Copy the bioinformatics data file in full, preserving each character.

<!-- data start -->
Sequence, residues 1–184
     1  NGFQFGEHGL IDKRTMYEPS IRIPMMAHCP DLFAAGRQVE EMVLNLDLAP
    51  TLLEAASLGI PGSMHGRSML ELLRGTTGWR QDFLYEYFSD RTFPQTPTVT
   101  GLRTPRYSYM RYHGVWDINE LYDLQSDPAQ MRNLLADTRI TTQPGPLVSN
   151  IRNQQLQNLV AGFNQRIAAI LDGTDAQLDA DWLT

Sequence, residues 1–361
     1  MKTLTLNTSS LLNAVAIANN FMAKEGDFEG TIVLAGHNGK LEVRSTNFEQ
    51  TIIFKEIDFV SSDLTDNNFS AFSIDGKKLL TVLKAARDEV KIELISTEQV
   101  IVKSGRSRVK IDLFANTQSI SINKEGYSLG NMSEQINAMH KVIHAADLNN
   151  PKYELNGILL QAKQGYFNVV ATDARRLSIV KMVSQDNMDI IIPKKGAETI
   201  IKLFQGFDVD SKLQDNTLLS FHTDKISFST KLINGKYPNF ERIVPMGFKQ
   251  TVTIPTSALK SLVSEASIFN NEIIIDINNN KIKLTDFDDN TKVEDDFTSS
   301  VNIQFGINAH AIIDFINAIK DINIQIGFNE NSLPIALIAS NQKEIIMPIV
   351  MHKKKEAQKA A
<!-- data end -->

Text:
Sequence, residues 1–184
     1  NGFQFGEHGL IDKRTMYEPS IRIPMMAHCP DLFAAGRQVE EMVLNLDLAP
    51  TLLEAASLGI PGSMHGRSML ELLRGTTGWR QDFLYEYFSD RTFPQTPTVT
   101  GLRTPRYSYM RYHGVWDINE LYDLQSDPAQ MRNLLADTRI TTQPGPLVSN
   151  IRNQQLQNLV AGFNQRIAAI LDGTDAQLDA DWLT

Sequence, residues 1–361
     1  MKTLTLNTSS LLNAVAIANN FMAKEGDFEG TIVLAGHNGK LEVRSTNFEQ
    51  TIIFKEIDFV SSDLTDNNFS AFSIDGKKLL TVLKAARDEV KIELISTEQV
   101  IVKSGRSRVK IDLFANTQSI SINKEGYSLG NMSEQINAMH KVIHAADLNN
   151  PKYELNGILL QAKQGYFNVV ATDARRLSIV KMVSQDNMDI IIPKKGAETI
   201  IKLFQGFDVD SKLQDNTLLS FHTDKISFST KLINGKYPNF ERIVPMGFKQ
   251  TVTIPTSALK SLVSEASIFN NEIIIDINNN KIKLTDFDDN TKVEDDFTSS
   301  VNIQFGINAH AIIDFINAIK DINIQIGFNE NSLPIALIAS NQKEIIMPIV
   351  MHKKKEAQKA A